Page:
Teampass 184.108.40.206: Unauthenticated SQL Injection12 Dec 2016 by Martin Bednorz
The next gift in our advent calendar reveals security issues in Teampass, a collaborative password manager first published in late 2011. We detected a critical unauthenticated SQL injection and many file inclusions which could have led to many leaked passwords and angry users. The issues were reported and fixed earlier this year.
RIPS was able to analyze the whole project consisting of ~140,000 lines of code in only 25 seconds, uncovering a lot of severe security vulnerabilities. The two main types of issues was SQL injection and file inclusion. Luckily, most of the SQL injections were found in the installation / upgrade functionality and are less severe.
The truncated analysis results are available in our RIPS demo application. Please note that we limited the results to the issues described in this post in order to ensure a fix is available.See RIPS report
Example 1: Authenticated Blind SQL Injection
This vulnerability is an excellent example of how RIPS is able to follow a complex data-flow and its understanding of PHPs unique features.
The code above is the main culprit of many vulnerabilities within this application. The function
parse_str()1 parses a query string to variables such that, for example, the argument
data=12&var=foo initializes the variables
$data = 12 and
$var = 'foo'. Here, the HTTP query string from the variable
$_SERVER['QUERY_STRING'] is used as an input in line 28 which allows an attacker to create arbitrary variables for the application on a global scale. Then, the function
rest_get() is called that creates a new object of class
table attribute is set to the result of the call to
prefix_table("nested_tree") (see lines 235 and 33). Looking closely at the function definition one can see that the global variable
$pre is prefixed to the table parameter of the function in line 1180. An attacker is now able to alter the contents of the global variable
$pre and thus the table name via simple GET parameters because of the
parse_str() call explained earlier. In addition, the usage of
htmlspecialchars() is not sufficient enough to sanitize against SQL injections, although it would not have mattered in this particular case because there are no quotes that an attacker needs to break out of. RIPS detected the insufficient sanitization due to its context-sensitive taint analysis.
In the end, the tainted table name is used unsanitized in the query executed by
mysqli_query() and can be exploited to read arbitrary values from the database. Since Teampass is a password manager, there is very likely sensitive data found in the database.
Interestingly enough, we were not able to exploit the vulnerability because another SQL injection was triggered every time we changed the global variable
$pre via the GET parameters. Luckily for us, the newly found SQL injection requires no authentication to be exploited and thus is even more critical. The following example of our case study describes the vulnerability.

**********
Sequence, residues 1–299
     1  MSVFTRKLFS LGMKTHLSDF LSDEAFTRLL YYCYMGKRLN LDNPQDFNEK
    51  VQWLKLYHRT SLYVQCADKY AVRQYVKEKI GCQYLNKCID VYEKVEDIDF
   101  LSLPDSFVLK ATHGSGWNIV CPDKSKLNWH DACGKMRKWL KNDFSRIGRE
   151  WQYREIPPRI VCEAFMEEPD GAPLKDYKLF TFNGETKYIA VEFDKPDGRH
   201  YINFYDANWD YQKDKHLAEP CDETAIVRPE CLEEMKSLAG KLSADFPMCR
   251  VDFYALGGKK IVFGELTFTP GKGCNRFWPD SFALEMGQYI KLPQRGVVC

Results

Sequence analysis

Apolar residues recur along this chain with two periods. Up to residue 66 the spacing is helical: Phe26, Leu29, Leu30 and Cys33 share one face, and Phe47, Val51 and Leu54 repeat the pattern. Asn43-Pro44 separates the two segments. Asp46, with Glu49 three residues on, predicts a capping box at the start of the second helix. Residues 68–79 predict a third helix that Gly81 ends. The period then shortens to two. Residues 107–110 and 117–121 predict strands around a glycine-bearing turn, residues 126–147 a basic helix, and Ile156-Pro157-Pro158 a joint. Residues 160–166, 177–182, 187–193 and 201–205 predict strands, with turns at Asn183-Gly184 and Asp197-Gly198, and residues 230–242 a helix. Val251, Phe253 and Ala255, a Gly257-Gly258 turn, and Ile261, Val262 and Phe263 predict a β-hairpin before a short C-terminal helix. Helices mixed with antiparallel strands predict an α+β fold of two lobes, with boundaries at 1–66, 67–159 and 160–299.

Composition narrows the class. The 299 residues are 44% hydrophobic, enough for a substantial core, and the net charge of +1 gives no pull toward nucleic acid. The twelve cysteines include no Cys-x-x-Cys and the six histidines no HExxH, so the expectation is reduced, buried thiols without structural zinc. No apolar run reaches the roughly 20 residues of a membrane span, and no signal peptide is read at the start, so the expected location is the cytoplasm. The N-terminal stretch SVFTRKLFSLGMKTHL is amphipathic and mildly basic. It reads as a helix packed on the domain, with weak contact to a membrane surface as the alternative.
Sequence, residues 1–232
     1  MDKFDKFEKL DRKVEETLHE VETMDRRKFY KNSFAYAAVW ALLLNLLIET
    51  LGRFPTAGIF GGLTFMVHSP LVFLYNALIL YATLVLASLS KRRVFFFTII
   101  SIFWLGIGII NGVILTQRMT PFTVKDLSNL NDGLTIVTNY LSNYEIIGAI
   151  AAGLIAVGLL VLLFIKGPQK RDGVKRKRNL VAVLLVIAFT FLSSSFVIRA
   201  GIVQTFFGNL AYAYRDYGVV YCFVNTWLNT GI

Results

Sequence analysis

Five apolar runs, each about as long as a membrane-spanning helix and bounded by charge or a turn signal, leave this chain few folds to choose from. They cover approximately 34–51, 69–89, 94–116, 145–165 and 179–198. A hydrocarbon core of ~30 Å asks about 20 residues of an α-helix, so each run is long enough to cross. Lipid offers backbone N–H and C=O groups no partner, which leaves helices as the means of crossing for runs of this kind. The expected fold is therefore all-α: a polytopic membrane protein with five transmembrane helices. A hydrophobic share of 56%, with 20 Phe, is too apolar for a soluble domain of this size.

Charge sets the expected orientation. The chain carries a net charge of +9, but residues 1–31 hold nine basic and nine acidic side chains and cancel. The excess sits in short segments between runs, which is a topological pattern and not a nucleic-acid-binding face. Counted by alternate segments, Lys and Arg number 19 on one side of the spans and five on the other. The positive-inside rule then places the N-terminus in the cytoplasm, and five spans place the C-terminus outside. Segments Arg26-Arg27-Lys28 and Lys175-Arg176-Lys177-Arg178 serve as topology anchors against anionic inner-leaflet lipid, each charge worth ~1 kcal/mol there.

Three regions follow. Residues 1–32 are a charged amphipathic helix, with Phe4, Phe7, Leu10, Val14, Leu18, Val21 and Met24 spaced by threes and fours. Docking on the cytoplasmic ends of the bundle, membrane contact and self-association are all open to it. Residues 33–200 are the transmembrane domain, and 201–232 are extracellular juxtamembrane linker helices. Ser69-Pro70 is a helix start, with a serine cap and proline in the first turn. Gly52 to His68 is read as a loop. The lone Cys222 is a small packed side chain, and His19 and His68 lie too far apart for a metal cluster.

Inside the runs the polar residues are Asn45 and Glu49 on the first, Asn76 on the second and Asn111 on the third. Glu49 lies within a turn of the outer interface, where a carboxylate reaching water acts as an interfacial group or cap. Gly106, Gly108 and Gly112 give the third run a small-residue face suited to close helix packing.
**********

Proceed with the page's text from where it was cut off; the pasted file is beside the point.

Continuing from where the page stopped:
Example 2: Unauthenticated Blind SQL Injection
The security issue in this example is very similar to the previous one, only that it is much easier to exploit because there is no authentication required. The following code lines are affected.
As previously, the main culprit is the call to the
parse_str() function, enabling an attacker to create arbitrary global variables. For every GET request to the API, the API key has to be checked for correctness using the
apikey_checker() function. Here, same as before, the function
prefix_table() prefixes the table name
api using the global variable
$pre and later executing the query with the
queryOneColumn() method. The attacker is able to alter the
pre variable and to select arbitrary data from the database without any requirements of authentication.
Example 3: File Inclusion
There is also an interesting file inclusion vulnerability using the same entry point as we saw in the examples before located in the following code lines. Many file inclusion operations in the application are similary affected and thus led to a high amount of valid issue reports.
Here, an attacker can set the variable
$_SESSION['settings']['cpassman_dir'] via GET parameters using the
parse_str() function and is thus able to include files unintended by the developer. Depending on the server configuration, it is possible to include arbitrary remote files, rendering this vulnerability highly critical. Luckily, the
require_once statement is only accessible with an authenticated user and the constant
true which is not the default value for the affected version.
Rescan of the fixed version
The diagram above depicts a consolidated statistic of the rescan of the updated version of Teampass (220.127.116.11 18.104.22.168). As described in our previous post, RIPS compares the analysis results of both scans and is able to precisely identify fixed, old, and new issues inside the updated application version. As can be seen in this case, the new version fixed a lot of issues and only introduced one new XSS issue into the code base. You can click on the labels in the legend (Old, Fixed, New) in order to alter the display.
|2016/06/15||First contact with vendor, initiated by vendor|
|2016/06/16||Exchange of details about vulnerabilities|
|2016/06/27||Vendor releases fixed version (changelog)|
Password managers are very sensitive tools and even more fragile when they are deployed as a web application. We found many critical issues due to one PHP built-in function used improperly which is why the precise understanding of all security-relevant PHP functions is a core feature in our analysis engine. Looking at the amount of issues fixed by the vendor, the release time of the updated version was very fast and we want to thank the Teampass developers for their professional and quick cooperation!
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